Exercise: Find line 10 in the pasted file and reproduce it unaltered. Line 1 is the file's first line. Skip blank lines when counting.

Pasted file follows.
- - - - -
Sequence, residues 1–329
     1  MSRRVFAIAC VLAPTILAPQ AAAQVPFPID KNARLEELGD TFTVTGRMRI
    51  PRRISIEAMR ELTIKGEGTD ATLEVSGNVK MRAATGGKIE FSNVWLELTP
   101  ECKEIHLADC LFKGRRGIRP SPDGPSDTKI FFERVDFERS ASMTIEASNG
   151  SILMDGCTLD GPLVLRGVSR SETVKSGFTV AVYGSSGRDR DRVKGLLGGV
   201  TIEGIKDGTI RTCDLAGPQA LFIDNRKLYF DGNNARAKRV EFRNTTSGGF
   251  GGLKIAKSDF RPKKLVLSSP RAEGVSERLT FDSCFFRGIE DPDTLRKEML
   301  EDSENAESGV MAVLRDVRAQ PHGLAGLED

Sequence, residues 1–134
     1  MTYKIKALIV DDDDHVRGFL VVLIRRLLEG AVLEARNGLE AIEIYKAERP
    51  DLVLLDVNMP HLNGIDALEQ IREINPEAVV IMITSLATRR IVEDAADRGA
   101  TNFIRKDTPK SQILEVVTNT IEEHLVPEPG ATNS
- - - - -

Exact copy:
     1  MTYKIKALIV DDDDHVRGFL VVLIRRLLEG AVLEARNGLE AIEIYKAERP